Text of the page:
Other recent fantasies range from dystopian tales to alternate historical adventures. Peng Shepherd’s dark and fable-like The Book of M: A Novel (HarperCollins, digital galley) reminded me of The Passage, American Civil War and Station Eleven. In the near future, the Forgetting is a plague that robs people of their shadows and then their memories. When Max loses her shadow, she leaves husband Ory but takes a tape recorder of shared memories. Both end up traveling to New Orleans, where a mysterious figure is rumored to have a cure for the shadow-less, but not without great cost. Raymond A. Villareal’s genre-bending The People’s History of the Vampire Uprising (Little Brown, digital galley) is a clever take on medical mystery/alien invasion as a vampire virus begin turning humans into “gloamings.” As they multiply, they begin demanding equal rights. A CDC investigator and a FBI agent are among those contributing to this oral history, which also includes “official” reports and documents. Rachel Caine continues her stirring Great Library series with a fourth book, Smoke and Iron (Berkley/Penguin, digital galley). The young group of scholar/soldiers who rebelled against the Archivist Magister are back in Alexandria to try and save the Library from the inside. Jess Brightwell is pretending to be his twin Brandon planning a betrayal, Wolfe is again a prisoner, Thomas is building a weapon to take on the fearsome automatons as the Great Burning approaches. And — wait for it — there’s a fifth book! I really loved Edgar Cantero’s Meddling Kids, now out in paperback, but I had trouble getting into This Body’s Not Big Enough for Both of Us (Knopf Doubleday, digital galley) despite its nifty premise: brother and sister P.I.s with opposing personalities in one body. Too many puns and general silliness overwhelms the wit.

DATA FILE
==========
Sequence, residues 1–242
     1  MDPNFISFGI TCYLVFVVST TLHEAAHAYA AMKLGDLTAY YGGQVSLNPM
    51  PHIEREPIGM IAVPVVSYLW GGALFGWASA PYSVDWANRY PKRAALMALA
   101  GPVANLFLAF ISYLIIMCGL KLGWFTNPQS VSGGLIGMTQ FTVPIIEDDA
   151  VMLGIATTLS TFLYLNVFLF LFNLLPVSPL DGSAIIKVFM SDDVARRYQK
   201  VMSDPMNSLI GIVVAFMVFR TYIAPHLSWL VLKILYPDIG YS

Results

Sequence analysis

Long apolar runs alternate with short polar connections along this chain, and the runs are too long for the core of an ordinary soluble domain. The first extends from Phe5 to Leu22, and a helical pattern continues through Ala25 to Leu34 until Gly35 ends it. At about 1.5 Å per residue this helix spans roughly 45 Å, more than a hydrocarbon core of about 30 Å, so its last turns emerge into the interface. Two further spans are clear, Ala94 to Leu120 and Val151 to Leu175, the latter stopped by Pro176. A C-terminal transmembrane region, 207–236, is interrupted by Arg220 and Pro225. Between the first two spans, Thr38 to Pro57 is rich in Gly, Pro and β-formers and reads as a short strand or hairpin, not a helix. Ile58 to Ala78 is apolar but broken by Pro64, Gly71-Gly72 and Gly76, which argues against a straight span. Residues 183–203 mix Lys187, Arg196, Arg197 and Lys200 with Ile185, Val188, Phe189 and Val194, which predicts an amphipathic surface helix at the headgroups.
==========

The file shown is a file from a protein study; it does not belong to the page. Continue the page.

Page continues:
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In her enchanting first novel The Snow Child, Eowyn Ivey reimagines a Russian fairy tale and sets it in her native Alaska. So “once upon a time” is the 1920s wilderness of the Wolverine River, where middle-aged Jack and Mabel have come to reinvent their lives as homesteaders in beautiful but unforgiving solitude.

The couple’s only child was stillborn years ago; they still grieve. Mabel had hoped to be Jack’s helpmate as he carves out a farm, but he leaves her to cabin chores, and she now feels more alone than ever. But one night in the flurry of the year’s first snowfall, they remember their youth and fashion a snow child complete with scarf and mittens. The next day, the little figure is gone, but small footprints lead into the woods, and they begin to catch glimpses of a small blonde girl among the trees.

Is the girl real? Or is she just a dream? Perhaps a bit of both. Gradually, Faina, as they call her,  comes to be a part of their lives, “the child born to them of ice and snow and longing.” But only during the winter, and even then Jack sees her “like a rainbow trout in a stream” flashing her true self. “A wild thing glittering in dark water.”